BP (BP) was trading 10% below its 100-day moving average as of February 23, 2016. Currently, the stock is at $29. It’s below the important psychological level of $30. The stock reached a 52-week low of ~$27.64 on February 11, 2016. Currently, the stock trades 5% above its 52-week low.
Royal Dutch Shell (RDS.A) and Total (TOT) are trading 1% and 1.5% above their respective 20-day moving averages, respectively. Since January 27, 2016, Royal Dutch Shell traded above its 20-day moving average. Total managed to cross its 20-day moving average as of February 12. As of February 12, Royal Dutch Shell and Total are trading 5.5% and 1.4% above their respective 20-day moving averages. As of February 23, 2016, the four large-cap European (FEZ) oil and gas companies shown in the above table are trading at an average of 9% below their respective 100-day moving averages.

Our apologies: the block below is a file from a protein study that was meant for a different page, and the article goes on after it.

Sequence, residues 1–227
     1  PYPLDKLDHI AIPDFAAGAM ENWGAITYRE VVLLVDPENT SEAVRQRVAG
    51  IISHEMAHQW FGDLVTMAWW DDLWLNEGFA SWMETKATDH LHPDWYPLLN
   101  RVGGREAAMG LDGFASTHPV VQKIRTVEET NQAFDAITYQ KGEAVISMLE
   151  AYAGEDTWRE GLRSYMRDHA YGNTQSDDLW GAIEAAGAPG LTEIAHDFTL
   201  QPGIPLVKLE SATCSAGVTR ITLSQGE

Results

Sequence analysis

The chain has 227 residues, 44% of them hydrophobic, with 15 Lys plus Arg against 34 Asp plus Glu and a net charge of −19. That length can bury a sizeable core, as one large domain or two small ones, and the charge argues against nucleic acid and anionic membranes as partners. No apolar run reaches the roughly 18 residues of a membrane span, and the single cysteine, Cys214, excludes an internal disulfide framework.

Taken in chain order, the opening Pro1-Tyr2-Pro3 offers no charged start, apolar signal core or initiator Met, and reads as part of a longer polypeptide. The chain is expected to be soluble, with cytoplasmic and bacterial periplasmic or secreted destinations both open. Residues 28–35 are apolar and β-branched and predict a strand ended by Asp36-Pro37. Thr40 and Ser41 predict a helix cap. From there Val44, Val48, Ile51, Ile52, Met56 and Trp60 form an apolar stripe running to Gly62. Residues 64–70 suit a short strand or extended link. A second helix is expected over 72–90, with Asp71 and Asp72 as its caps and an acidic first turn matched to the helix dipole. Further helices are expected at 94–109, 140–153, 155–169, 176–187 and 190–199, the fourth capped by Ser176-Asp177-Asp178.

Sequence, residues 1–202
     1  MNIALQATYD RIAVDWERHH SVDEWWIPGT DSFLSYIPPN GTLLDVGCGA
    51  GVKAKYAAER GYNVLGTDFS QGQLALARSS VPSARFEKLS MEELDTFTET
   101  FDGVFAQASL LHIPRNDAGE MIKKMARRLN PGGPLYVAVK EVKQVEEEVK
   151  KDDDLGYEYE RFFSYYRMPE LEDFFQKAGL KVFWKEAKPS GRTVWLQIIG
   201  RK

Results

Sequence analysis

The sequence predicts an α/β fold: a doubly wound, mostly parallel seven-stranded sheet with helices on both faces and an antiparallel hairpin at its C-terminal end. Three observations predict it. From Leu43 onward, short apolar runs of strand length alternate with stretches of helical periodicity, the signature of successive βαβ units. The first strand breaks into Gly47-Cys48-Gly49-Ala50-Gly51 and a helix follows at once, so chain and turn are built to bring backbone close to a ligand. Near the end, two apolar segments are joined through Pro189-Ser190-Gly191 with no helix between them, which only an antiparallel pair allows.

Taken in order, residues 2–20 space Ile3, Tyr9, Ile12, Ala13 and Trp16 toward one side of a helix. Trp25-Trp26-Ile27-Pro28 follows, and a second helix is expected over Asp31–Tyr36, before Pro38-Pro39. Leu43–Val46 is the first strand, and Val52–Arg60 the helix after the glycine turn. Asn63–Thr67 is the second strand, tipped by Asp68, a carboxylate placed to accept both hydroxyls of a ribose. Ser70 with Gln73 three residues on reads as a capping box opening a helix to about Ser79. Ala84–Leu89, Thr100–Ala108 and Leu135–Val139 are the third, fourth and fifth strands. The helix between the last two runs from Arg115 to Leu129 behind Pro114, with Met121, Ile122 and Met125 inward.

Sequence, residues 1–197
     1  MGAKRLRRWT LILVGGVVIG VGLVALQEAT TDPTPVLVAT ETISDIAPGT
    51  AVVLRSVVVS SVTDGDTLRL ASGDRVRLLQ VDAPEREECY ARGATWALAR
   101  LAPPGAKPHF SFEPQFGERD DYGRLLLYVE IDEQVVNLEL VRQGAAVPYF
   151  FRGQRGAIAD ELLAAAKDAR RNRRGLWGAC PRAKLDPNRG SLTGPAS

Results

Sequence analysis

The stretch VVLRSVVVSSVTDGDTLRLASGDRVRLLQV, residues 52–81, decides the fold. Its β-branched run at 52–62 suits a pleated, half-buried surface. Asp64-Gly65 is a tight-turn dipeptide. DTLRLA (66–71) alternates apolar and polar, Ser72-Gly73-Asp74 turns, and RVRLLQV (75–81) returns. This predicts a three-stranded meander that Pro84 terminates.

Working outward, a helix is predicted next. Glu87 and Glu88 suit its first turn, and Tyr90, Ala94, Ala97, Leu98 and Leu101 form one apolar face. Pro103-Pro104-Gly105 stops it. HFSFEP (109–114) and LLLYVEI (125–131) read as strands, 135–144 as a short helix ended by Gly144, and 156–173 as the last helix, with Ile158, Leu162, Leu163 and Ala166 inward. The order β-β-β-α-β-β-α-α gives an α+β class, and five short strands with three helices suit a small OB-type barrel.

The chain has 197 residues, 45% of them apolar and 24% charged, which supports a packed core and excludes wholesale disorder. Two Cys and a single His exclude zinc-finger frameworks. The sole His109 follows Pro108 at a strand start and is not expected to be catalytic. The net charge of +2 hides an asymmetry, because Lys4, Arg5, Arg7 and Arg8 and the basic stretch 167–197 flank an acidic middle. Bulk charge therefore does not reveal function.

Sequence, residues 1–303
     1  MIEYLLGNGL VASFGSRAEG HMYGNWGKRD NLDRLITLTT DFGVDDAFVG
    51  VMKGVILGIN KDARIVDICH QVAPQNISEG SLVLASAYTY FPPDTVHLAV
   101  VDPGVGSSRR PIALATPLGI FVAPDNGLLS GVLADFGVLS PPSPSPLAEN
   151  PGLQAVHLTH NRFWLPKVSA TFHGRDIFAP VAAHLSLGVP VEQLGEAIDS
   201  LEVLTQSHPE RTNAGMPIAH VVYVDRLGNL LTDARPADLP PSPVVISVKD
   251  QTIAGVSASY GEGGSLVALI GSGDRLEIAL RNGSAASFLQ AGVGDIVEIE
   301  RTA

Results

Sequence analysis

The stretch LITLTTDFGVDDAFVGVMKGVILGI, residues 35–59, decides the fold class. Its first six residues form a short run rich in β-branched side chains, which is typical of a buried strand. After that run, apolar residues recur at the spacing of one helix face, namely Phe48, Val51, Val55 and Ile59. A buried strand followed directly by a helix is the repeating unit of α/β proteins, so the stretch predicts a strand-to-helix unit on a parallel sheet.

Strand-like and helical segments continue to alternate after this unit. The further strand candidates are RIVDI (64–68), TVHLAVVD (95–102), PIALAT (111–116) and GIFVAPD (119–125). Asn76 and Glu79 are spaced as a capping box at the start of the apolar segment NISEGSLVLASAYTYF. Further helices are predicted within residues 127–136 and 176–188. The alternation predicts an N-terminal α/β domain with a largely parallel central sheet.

Wall Street analysts’ consensus estimates suggest an average 29% upside for these European energy companies. In comparison, analysts’ consensus upside estimate for large-cap, US-based (SPY) integrated companies is 5.4%.
Over the next 12 months, BP and Royal Dutch Shell could see rises of 23% and 24%, respectively, from their current levels as of February 23, 2016. Total and Eni (E) could rise by 18.5% and 48.5%, respectively, over the next 12 months.